The provincial government was peppered with questions about the need for improvements to long-term care for seniors in Saskatchewan as politicians returned to Regina for the spring sitting of the legislature.
According to the Opposition NDP, a newly created $10-million fund to address urgent needs at long-term care homes is not living up to expectations.
Cam Broten, lead of the NDP, claimed Monday that there is a large gap between what health regions are seeking from the fund and what the province is providing.
One example, according to Broten, concerned the Saskatoon Health Region's need for several hundred special care aides. Broten said the region was provided with only enough funds for a handful of positions, even though the region trimmed down its request for assistance.
"They only asked for 38 [aides] and even then government came back and said, 'You're only getting 19,'" Broten said. "The number ... really stands out to me."
The government responded by noting that the $10 million is money the long-term care home system did not have six months ago and Health Minister Dustin Duncan hinted that further funding could be coming in the upcoming budget, expected later this month.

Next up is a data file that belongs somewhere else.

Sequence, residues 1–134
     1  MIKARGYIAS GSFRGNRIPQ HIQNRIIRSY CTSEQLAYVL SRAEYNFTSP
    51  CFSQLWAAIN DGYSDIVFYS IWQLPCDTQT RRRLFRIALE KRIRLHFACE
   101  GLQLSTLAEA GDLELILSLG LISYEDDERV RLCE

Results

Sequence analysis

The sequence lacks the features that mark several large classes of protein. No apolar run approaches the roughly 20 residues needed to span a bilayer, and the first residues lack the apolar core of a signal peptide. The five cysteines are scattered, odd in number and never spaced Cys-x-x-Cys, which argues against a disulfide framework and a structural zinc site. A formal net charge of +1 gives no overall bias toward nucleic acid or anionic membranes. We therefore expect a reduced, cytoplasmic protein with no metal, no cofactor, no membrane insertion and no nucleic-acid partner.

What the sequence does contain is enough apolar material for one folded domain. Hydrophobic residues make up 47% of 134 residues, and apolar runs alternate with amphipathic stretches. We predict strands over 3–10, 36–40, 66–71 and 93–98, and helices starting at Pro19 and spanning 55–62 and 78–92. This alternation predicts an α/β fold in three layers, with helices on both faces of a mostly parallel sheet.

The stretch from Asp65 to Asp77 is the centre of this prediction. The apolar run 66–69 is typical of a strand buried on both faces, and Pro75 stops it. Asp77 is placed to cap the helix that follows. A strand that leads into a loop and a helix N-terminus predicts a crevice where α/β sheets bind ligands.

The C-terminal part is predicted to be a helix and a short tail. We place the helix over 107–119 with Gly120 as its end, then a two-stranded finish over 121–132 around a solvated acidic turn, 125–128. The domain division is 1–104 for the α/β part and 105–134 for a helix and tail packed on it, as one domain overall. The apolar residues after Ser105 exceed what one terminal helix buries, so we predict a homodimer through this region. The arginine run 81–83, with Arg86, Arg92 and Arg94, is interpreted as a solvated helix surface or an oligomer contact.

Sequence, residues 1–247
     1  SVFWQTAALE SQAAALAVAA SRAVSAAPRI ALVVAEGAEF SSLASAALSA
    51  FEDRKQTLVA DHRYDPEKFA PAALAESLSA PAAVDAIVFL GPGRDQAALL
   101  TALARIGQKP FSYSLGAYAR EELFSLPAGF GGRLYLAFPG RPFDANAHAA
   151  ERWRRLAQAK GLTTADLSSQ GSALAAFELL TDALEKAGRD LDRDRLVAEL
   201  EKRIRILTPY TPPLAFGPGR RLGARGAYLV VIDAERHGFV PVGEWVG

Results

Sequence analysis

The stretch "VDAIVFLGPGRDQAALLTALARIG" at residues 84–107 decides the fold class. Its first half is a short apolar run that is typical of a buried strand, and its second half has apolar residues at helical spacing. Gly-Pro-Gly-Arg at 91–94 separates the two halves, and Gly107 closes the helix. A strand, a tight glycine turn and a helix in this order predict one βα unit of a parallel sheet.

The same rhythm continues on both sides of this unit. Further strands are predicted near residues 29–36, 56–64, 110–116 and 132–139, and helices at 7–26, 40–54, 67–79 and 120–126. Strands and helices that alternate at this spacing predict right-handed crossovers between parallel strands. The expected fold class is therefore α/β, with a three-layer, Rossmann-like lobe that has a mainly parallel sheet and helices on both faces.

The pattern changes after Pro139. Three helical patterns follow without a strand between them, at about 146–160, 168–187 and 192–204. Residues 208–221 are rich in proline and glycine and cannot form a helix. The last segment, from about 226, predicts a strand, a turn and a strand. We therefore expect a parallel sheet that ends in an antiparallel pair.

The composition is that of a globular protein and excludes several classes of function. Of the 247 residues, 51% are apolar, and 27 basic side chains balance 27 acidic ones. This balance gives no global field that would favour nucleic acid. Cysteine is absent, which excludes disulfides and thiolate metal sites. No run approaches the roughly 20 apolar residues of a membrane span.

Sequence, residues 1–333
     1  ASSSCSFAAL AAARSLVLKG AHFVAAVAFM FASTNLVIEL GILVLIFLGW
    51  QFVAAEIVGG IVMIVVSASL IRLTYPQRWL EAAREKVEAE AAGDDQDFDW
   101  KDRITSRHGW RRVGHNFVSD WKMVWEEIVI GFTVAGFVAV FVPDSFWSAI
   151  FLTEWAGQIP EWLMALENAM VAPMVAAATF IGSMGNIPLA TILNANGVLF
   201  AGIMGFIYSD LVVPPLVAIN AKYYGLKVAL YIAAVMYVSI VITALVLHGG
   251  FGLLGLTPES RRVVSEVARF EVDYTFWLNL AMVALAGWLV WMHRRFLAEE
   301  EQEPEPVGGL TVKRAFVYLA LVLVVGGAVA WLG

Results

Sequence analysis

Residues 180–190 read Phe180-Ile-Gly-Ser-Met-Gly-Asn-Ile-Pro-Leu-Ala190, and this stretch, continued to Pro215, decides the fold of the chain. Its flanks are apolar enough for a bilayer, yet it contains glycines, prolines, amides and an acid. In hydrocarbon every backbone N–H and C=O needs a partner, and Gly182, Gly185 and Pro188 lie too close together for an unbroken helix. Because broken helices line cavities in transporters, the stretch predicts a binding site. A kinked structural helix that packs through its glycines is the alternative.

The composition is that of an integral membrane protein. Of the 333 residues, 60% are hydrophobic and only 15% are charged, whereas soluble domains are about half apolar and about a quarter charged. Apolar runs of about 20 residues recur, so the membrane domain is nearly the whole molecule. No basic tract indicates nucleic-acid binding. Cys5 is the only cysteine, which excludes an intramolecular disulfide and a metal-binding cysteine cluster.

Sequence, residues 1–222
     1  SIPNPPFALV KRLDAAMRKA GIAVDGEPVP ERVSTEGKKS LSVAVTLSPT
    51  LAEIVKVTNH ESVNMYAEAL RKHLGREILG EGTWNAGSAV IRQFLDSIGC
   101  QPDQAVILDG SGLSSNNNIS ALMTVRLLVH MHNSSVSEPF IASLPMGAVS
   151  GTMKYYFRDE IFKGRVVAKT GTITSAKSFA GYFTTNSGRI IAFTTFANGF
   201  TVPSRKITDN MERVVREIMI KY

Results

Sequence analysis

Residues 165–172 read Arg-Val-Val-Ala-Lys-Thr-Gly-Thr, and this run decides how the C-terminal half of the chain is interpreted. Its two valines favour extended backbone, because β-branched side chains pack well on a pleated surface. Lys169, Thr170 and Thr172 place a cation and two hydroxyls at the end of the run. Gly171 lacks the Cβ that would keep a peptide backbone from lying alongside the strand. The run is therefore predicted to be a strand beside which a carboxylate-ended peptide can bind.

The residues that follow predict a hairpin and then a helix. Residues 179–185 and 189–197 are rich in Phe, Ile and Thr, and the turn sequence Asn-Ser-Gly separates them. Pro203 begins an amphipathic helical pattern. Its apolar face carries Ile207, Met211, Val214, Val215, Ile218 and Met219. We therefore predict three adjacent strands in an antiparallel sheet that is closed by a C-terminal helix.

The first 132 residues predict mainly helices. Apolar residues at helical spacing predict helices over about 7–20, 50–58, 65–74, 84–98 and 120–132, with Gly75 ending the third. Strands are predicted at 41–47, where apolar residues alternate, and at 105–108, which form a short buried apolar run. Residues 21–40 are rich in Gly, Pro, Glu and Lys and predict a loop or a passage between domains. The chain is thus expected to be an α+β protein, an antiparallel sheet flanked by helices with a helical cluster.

Also according to Broten, health regions have asked for other things such as lifts, bathtubs and nurse call systems but have been ordered to scale back their requests.
Documents provided by the NDP show that the Five Hills Health Region asked for nine new nurse call systems at a cost of about $1.1 million. The region said in its request that most of its facilities have old nurse call systems. The documents show the request was dropped in a revised proposal.
The Saskatoon Health Region also initially asked for 100 lifts, saying "current lift inventory is not meeting demands for direct resident care or safety." Its revised request was for 56 lifts.
Duncan said health regions knew the fund was limited when it was created in October and that it had to be shared.
"We asked for the regions to then determine where they would allocate dollars. Then we had to go back to the regions ... because the $10 million would have been spent essentially by ... one health region," said Duncan.
The fund was created after a review of long-term care in Saskatchewan raised concerns that patients are not getting enough baths and residents are soiling themselves because there isn't enough staff to help them get to the toilet. The findings were based on tours of long-term care facilities by CEOs in each health region.